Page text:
New York City Debt Collection Defense Attorney

Judgment Liens Explained: What Debtors and Creditors Need to Know

A judgment lien arises when a court rules you owe a debt, allowing the creditor to claim your nonexempt property until the debt is paid.A judgment lien is created after the entry of a judgment.

If you have been sued and either failed to formally respond (resulting in a default judgment) or were defeated in court (losing on the merits of the case), you become the judgment debtor. Consequently, your nonexempt property may be subject to a lien.

A lien, generally, is defined as a legal right or interest that a creditor has in another's property, lasting usually until a debt or duty that it secures is satisfied.

A lien is imposed against a judgment debtor's nonexempt property. For a list of exempt personal property, see this blog. For exempt homestead property, see this blog.

See here how a docketed judgment becomes a judgment lien against real property.

13 characteristics of a judgment lien:

  • A judgment lien is a quick, simple and inexpensive enforcement procedure. Example: A creditor can easily file a lien against a debtor's property with minimal legal fees, rather than pursuing more complex enforcement methods.
  • Typically, the creditor does not take possession of the property on which the lien has been obtained.[1] Explanation: The lien acts as a claim against the property's value, not a direct takeover of the property itself.
  • The creditor may simply sit back and wait to get paid when a debtor needs to sell or refinance the property. Example: If a debtor decides to refinance their mortgaged home, the lien must be satisfied before the refinancing can proceed, ensuring payment to the creditor.
  • An improperly docketed and indexed judgment, including name misspelling, could potentially invalidate the judgment (do a title search to verify proper recordation) and will protect a good-faith purchaser of the land subjected to the improperly indexed judgment. Example: A judgment filed against "Jon Smith" won't affect property owned by "John Smith," protecting an innocent buyer who purchases property from "John Smith."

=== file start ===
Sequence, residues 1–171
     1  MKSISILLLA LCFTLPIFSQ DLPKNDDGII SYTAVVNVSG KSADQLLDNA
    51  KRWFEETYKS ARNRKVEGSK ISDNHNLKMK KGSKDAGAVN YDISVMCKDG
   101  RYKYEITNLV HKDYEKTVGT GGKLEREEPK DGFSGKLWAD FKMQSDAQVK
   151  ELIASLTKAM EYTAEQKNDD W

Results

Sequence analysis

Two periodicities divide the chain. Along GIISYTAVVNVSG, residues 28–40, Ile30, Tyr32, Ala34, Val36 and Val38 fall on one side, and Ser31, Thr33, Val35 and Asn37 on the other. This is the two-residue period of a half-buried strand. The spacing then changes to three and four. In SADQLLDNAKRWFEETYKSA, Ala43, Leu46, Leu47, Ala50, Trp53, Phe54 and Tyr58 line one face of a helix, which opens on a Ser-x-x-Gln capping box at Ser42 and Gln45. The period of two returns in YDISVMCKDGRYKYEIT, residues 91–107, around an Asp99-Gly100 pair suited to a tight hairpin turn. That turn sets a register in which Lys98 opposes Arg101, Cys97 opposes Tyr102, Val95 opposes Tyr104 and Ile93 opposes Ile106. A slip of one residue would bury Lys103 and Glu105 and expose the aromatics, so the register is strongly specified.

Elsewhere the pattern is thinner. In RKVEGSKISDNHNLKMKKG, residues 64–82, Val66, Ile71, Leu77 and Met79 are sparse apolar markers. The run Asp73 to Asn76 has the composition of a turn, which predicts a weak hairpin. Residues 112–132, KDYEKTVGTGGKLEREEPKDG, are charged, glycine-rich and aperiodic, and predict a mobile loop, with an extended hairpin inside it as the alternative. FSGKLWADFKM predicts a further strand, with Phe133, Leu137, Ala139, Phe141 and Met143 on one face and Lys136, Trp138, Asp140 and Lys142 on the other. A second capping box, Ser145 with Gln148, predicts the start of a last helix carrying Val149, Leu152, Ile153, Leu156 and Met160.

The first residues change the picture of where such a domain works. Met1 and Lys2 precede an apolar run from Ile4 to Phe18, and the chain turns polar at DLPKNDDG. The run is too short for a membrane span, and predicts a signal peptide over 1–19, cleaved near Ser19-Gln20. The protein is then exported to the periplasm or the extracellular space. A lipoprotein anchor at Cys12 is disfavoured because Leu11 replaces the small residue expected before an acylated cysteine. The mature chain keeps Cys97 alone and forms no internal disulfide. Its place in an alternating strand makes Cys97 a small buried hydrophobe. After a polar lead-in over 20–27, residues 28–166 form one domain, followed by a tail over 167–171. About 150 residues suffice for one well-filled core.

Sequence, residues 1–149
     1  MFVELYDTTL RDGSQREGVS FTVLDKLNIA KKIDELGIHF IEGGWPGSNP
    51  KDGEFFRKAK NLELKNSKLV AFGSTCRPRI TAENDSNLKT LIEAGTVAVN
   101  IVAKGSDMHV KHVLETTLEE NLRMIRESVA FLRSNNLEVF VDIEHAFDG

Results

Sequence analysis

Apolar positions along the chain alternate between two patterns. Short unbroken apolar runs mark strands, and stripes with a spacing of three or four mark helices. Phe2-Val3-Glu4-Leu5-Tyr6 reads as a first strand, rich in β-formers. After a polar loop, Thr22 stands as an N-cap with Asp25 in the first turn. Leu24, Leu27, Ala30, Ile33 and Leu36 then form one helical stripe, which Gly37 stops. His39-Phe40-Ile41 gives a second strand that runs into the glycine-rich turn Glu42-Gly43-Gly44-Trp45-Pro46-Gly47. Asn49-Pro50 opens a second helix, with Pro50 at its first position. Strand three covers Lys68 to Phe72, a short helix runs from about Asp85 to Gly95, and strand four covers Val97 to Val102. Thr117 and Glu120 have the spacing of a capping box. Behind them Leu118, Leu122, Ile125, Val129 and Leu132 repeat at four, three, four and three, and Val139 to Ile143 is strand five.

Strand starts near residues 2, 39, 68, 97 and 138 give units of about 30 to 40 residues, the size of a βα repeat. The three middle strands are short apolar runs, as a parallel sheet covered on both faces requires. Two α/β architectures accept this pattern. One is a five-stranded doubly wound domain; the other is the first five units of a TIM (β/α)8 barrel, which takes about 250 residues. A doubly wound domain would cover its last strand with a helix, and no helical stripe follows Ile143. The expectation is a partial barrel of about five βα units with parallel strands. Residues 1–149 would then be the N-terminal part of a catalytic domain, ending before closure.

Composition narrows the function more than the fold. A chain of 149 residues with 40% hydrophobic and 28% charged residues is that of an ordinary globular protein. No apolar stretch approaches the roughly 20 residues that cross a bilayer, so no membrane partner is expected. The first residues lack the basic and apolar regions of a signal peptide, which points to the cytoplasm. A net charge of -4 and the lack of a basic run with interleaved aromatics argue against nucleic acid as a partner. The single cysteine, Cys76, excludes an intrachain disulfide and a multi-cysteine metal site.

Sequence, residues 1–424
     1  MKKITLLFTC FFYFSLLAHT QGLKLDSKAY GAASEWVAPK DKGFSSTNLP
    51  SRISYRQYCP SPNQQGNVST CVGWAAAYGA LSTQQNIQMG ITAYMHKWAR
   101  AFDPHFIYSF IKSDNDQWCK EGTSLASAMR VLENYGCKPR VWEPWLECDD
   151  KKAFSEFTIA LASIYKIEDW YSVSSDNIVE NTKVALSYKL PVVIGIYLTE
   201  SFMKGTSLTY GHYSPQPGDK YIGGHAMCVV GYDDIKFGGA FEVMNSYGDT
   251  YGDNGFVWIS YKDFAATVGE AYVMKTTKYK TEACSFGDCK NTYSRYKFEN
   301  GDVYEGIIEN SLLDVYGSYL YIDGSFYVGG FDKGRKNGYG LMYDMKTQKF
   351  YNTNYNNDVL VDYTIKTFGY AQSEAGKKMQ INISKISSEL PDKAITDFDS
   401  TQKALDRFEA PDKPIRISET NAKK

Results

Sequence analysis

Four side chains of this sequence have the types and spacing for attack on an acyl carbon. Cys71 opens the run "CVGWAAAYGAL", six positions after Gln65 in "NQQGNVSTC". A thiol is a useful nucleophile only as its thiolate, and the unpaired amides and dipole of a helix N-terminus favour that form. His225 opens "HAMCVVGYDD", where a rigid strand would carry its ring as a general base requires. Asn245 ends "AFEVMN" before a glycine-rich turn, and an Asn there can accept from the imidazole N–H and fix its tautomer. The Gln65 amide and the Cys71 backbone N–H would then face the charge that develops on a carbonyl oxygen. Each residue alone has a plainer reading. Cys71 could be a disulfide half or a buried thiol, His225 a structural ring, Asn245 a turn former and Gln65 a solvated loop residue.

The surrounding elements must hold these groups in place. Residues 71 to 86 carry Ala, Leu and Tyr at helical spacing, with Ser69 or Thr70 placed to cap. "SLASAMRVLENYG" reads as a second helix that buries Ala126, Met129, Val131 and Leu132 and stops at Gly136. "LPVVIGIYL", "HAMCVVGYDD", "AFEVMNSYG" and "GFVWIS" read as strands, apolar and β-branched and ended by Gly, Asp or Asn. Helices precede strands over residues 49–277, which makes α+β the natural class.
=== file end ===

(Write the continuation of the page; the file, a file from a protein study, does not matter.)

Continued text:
• If you seek to enforce a judgment obtained in a different state, make sure your sister-state judgment is reduced to judgment and entered. Mere recordation of a sister-state judgment will not alone produce a lien against real property. Explanation: This means converting the out-of-state judgment into a local one, legally recognizing it in the state where enforcement is sought.
  • A judgment lien on real property establishes priority over later claimants. Example: If a property is subject to multiple debts, the first recorded judgment lien takes precedence in being paid off over later ones.
  • A judgment lien attaches to practically all of the debtor's real property in the county where the judgment was entered. Explanation: This may include land, buildings, and certain fixtures on the property in that county.
  • A judgment lien attaches to the debtor's after-acquired property provided the judgment is docketed in the same county as the real property. Example: If the debtor buys new property in the same county after the lien is issued, the lien automatically applies to this new property.
  • The judgment lien sticks to the property and assures priority to the judgment creditor as to after-acquired interests. Explanation: The lien remains with the property even if it changes hands, ensuring the creditor's claim is prioritized for any new interests in the property.
  • A bankruptcy discharge may prevent the further reach a judgment lien. But a lien perfected more than 90 days prior to the filing of a bankruptcy petition will remain against the real property belonging to the debtor. Example: A debtor who files for bankruptcy cannot eliminate a lien that was perfected on their property three months before the bankruptcy filing.
  • A judgment lien is less disruptive to a debtor's business life since there is no immediate physical taking; therefore this lien is less likely to trigger a bankruptcy filing for relief. Explanation: Because the debtor's assets aren't immediately seized, they can continue business operations, which lessens the financial strain that might otherwise lead to bankruptcy.
  • Filing of a notice of levy in the appropriate county clerk's office will prevent the owner of the property from disposing of that property without first discharging the lien. Example: This legal notice effectively prevents the sale or transfer of the property until the debt covered by the lien is paid off.
  • A judgment creditor can apply for an installment payment order to seize money you'll be receiving in the future, such as rental payments. Example: If the debtor is a landlord, the creditor can obtain a court order to divert future rental income from tenants to satisfy the debt.

Keep in mind friends that this post, along with all others, involve New York laws.

Collection Defense Intake Form: The Langel Firm


[1] Black's Law Dictionary, 1053 (10th ed 2014).